We cannot overstate that it is very important to spend sufficient time carefully considering how to properly structure your estate plan, and the appropriate provisions to include, before you actually write it, because your beneficiaries are going to spend a much longer time dealing with the after-affects of the plan than you will spend developing it.

In California, based on case law, a person does not need a lot of competency to be entitled to draft or revise a will. It may be difficult to prevent an elderly person from adjusting a will or an estate plan.

Steps do exist to have a person declared incompetent and in need of transferring their power of attorney to someone able to make good decisions on their behalf. To have someone declared incompetent, a qualified psychological examination is required.

Part of the examination will be to determine if a “brown-bag effect” – a combination of several medications that negatively affect a person’s memory or mental capacity – is hampering the person’s ability to perform routine tasks. Frequently, altering a medication regimen can help a person regain their previous levels of mental performance.

If an eldery person wants to make a minor change to will or estate plan, a competency evaluation may not be in order. It makes sense that an older person may want to alter their estate plan when major life events occur in a family, such as a marriage or birth of a baby, so it is should not be considered unusual for adjustments to be made to account for those events.

However, for intended major changes to a will by a very old person, a competency evaluation may be in order. The legal fees for a certified psychological evaluation can run from about $2,500 to over $25,000, depending on whether or not the physician will need to be available to testify in court.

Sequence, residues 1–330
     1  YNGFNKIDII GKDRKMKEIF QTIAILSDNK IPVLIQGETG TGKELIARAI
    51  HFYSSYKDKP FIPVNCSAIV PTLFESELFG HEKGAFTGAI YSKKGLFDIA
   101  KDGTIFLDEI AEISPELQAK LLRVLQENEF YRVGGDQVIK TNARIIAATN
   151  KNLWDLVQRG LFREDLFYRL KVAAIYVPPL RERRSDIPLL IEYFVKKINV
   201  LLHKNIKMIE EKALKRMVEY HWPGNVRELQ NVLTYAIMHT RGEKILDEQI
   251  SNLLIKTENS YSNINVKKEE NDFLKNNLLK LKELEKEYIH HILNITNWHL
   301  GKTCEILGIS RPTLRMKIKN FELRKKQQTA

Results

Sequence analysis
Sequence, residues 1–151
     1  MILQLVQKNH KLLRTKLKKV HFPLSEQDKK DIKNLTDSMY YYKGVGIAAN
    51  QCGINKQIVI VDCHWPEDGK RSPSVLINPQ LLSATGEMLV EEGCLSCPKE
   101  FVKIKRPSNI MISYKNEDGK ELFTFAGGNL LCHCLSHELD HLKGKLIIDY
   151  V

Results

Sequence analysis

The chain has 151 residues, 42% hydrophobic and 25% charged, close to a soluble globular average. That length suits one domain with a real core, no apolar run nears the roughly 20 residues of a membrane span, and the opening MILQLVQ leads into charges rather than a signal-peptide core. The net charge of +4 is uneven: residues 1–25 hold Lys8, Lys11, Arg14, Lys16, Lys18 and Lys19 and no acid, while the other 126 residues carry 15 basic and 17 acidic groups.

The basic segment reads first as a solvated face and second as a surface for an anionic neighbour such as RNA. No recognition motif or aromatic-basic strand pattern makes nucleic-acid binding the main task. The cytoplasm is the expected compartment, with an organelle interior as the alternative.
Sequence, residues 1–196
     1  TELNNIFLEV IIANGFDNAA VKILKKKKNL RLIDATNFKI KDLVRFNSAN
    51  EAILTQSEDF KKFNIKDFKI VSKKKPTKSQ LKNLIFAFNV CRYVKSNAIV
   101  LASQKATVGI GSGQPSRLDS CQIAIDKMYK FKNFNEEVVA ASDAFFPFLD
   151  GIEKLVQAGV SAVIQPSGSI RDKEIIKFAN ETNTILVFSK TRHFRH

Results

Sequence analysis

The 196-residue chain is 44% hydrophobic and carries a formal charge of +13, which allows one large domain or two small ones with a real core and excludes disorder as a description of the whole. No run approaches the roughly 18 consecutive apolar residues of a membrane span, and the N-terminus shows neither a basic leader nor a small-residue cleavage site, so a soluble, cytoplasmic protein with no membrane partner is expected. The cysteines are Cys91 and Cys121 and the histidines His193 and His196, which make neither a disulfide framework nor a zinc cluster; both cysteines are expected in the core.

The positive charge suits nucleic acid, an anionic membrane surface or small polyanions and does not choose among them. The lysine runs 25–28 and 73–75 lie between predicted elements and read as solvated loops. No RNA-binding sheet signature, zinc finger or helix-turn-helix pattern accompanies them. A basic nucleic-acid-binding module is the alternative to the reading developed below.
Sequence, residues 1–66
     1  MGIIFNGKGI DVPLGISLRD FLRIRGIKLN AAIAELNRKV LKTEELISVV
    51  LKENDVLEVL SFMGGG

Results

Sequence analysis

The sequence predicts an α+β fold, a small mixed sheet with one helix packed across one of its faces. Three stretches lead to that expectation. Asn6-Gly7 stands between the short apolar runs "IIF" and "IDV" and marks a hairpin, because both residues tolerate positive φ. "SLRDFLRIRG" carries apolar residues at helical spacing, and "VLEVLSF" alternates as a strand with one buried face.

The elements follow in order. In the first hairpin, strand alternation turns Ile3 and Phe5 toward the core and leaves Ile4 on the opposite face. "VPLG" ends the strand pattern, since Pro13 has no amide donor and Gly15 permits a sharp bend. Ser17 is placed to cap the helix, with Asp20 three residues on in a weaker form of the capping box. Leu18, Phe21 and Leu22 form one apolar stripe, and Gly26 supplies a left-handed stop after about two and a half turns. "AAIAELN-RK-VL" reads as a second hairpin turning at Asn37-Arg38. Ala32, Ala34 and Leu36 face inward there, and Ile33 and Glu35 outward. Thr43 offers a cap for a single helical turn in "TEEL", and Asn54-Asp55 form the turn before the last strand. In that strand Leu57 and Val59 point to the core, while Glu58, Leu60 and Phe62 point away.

Go to Radio Show Podcast ArchiveThe types of people who make good witnesses in a competency hearing include those who do not have a lot of contact with the older person, but who see them on a regular basis over a long period of time.

Accountants who prepares an elderly person’s taxes just once a year would be good witnesses, because they are trusted advisers who can see from a distance some distinct changes in well-established behaviors, such as when a person whose financial records have been very organized their whole life are now disorganized.

Local bank branch officers might also be good witnesses, because elderly people may frequently have conversations with them about their family situations, so the bankers may be able to shed some objective light on the behind-the-scenes family dynamics and finances.

We encourage a regular review of your estate plan, especially when major life events occur, so it should not be considered unusual when an older person wants to do that.

Naturally, an attorney has an obligation to serve a client’s needs – and the person who signs an official document, like a will, is considered the client.

We would like to believe that all attorneys would try to protect their older clients from making irrational estate planning decisions that do not seem to be in their own best interest or meet previously stated desires, but ultimately a person is entitled to change his or her mind and make an estate planning decision at any age, unless the state has declared otherwise.

If you have questions or concerns about any of the topics mentioned above and would like a free consultation with Connie Yi, a California estate planning attorney, please contact us. We have four conveniently located offices around the Bay area: San Francisco, San Mateo, San Jose, and Pleasanton.

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This entry was posted in Asset Protection, California Trust Law, Estate Planning, Estate Tax, Probate, Radio Show: Wealth Preservation and You, Trust Administration, Trusts & Estates. Bookmark the permalink.